Contributor
23.01.2017 Article by Marzouq Alhalabi
The West Bank (Photo: Lilach Assaf)
The West Bank (Photo: Lilach Assaf)    

Breaking the cycle of fear through joint action

The government's fearmongering is taking its toll even on Israeli Jews with a strong moral backbone, including intellectuals to whom I owe much of my moral and critical development. We must break this cycle together

The tragedy that occurred in Umm al-Hiran, a Bedouin community in the Negev (southern Israel), in which a local teacher and a police officer both lost their lives, has been subjected to a conflict of narratives that has little to do with the actual details of the incident. Even after the results of the autopsy on teacher Ya’aqub Abu al-Qian's body were published, and despite the multitude of eyewitness accounts, the official facts remain the same.

I believe that those who support the version put forward by the Israel Police and the government will not be deterred by the discovery of more facts. Even Israeli daily Ha'aretz, which is usually generous and open towards Arab Palestinians in Israel, continued – after publishing the results of the autopsy – to toe the line with presenting Abu al-Qian's driving as an intentional attempt to run over police.

The version of the incident that has taken root in Israeli consciousness is so resistant to change because it fits within a pre-existing structure of masters and slaves, rulers and subjects, oppressors and oppressed. Whenever these two come in contact, the master has the upper hand. Those on the oppressing side naturally adopt the official version of events in real time, and for some time afterwards.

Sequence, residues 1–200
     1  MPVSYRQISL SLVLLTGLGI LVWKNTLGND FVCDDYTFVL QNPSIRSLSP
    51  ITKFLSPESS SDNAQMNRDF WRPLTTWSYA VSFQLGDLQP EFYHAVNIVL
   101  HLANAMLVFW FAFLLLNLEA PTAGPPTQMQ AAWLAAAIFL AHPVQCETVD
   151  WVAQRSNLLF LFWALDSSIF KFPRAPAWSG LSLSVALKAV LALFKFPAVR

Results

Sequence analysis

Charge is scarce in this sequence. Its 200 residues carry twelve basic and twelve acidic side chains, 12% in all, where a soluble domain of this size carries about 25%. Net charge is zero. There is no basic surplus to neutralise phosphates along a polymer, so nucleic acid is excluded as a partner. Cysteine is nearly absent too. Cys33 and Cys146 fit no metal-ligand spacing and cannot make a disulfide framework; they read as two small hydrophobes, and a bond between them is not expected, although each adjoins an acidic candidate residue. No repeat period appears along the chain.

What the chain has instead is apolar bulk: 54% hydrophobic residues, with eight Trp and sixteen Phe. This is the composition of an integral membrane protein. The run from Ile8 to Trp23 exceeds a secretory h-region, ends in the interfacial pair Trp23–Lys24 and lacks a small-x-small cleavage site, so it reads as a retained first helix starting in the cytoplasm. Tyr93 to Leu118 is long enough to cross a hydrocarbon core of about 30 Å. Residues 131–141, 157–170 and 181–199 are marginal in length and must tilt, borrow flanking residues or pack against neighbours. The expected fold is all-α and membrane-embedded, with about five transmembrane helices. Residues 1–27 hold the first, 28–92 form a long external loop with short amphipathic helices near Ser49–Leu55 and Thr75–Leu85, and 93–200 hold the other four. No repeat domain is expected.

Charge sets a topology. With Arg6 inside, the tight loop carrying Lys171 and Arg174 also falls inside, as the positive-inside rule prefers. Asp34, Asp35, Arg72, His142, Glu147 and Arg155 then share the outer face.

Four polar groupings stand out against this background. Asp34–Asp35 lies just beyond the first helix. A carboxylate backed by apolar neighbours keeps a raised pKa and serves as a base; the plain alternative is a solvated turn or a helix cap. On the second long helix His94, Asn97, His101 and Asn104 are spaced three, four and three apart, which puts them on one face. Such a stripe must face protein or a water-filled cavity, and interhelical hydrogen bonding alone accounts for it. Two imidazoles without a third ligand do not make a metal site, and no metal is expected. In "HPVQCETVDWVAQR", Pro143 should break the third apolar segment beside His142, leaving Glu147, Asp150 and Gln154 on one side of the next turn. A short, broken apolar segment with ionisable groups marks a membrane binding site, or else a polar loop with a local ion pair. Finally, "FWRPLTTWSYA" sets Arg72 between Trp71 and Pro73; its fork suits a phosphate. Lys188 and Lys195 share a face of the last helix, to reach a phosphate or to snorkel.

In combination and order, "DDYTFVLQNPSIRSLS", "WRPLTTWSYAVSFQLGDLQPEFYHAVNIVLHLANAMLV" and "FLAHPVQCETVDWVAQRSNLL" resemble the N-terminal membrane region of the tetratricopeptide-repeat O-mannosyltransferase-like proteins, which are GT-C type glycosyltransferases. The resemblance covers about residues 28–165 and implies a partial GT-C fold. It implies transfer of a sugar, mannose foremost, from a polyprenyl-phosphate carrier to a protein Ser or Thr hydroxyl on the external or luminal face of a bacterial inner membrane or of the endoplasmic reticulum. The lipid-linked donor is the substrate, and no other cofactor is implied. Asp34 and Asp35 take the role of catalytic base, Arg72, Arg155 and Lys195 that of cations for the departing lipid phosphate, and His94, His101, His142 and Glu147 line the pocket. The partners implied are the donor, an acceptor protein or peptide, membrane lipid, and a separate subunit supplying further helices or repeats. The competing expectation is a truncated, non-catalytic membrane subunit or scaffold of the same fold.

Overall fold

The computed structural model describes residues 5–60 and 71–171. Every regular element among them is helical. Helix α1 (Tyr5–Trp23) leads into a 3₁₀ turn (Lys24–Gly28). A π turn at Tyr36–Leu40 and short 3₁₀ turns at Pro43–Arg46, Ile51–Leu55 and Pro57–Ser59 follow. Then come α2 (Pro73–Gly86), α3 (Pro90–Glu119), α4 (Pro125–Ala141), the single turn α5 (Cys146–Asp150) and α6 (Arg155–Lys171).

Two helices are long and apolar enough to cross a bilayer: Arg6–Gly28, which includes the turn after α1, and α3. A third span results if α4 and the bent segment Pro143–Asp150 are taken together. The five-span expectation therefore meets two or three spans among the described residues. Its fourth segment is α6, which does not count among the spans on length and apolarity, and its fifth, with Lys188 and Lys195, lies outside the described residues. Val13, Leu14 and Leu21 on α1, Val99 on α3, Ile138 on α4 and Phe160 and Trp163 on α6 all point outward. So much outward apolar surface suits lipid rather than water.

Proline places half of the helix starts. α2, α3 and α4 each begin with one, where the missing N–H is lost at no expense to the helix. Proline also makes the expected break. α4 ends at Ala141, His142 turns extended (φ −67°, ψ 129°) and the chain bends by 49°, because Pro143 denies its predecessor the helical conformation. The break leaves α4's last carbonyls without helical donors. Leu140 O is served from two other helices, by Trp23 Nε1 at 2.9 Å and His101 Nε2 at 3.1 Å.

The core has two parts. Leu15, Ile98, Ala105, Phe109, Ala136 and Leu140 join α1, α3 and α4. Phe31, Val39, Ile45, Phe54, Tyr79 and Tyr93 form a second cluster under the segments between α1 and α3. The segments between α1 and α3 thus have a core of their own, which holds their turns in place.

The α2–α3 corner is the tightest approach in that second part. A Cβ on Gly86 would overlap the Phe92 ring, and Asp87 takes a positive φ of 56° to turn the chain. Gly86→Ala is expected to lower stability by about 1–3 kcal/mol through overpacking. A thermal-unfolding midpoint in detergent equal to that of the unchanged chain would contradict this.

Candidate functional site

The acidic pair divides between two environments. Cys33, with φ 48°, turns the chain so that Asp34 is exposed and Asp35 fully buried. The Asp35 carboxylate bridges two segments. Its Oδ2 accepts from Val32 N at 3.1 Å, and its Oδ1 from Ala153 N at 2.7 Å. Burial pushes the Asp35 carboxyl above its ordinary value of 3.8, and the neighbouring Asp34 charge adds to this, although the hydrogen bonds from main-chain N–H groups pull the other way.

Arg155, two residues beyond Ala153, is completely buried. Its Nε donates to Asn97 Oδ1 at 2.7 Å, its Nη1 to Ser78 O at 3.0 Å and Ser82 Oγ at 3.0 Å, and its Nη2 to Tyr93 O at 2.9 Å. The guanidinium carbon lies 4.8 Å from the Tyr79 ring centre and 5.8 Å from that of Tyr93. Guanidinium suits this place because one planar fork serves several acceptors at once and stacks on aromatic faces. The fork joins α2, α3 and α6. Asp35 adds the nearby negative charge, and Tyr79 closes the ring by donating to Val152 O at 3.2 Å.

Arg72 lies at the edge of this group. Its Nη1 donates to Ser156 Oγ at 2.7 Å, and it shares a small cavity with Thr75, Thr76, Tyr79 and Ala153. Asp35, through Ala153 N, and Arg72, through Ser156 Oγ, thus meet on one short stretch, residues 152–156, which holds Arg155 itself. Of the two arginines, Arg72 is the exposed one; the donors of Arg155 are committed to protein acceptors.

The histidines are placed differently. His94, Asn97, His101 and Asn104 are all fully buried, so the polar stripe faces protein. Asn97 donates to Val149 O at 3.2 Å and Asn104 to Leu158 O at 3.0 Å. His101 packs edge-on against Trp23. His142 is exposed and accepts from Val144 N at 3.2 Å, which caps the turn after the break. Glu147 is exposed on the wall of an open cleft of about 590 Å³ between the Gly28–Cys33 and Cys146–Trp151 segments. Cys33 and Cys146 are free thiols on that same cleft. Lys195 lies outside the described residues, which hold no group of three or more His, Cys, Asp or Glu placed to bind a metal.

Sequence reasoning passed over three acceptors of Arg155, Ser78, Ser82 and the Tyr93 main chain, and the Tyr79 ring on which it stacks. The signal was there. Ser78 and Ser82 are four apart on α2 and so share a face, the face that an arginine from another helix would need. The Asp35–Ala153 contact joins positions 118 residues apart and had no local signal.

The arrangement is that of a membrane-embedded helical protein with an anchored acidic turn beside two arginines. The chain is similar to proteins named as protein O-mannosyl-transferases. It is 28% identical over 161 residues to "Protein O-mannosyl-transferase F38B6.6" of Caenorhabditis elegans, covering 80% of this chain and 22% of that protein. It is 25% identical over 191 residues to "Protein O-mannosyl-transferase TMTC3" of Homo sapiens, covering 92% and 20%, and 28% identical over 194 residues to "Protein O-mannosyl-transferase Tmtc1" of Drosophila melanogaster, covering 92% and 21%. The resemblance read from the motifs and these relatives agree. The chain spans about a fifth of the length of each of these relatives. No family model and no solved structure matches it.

Even if new details are eventually uncovered that undermine this version, members of the oppressing party find it hard to rethink the initial narrative they were fed, even if they do come to believe that the oppressor fooled and led them astray.

The balance of power between the Jewish majority and the Arab minority in Israel is not only political. It is a cultural, economic, linguistic and cognitive structure. Once the Arab is perceived as a threat, as a disturbance of public space, as a physical, visual and emotional disruption – the structure works against him in any contact with the majority.

Even at times of peace, the Arab individual constitutes a problem for the oppressor. The Arab is erased from Hebrew-language media because she is seen as an embarrassing intrusion, a handicap, a scar that must not be seen. If her presence is acknowledged, it is in the form of a problem: she is presented as the source and the epitome of all that is bad. Alternately, the Arab may be presented as "the good Arab" – at times when he is revealed as cooperating with the oppressor.

In other words, when the oppressed Arab sanctions the basic narrative of the oppressor, he receives screen time not as an Arab, but as a means of reinforcing the oppressor's worldview.

As we know, the historic meeting between Arab and Jewish society was a hotchpotch of immigration, colonialist aspirations and indigenous sensibilities. This fact serves to reinforce the existing power structure, which has to be actively injected with material to sustain itself. Therefore, the indigenous people must not only be controlled but also robbed of the little that remains to them – their land, their assets and their natural resources, as is the case with Umm al-Hiran.

The oppressor acts mechanically to subdue any spark of resistance, even the throwing of a single stone or sentiments vented on Facebook. The master seeks eternal, Sisyphean contact in order to suppress the Arab and ensure his own existence in the Arab's place.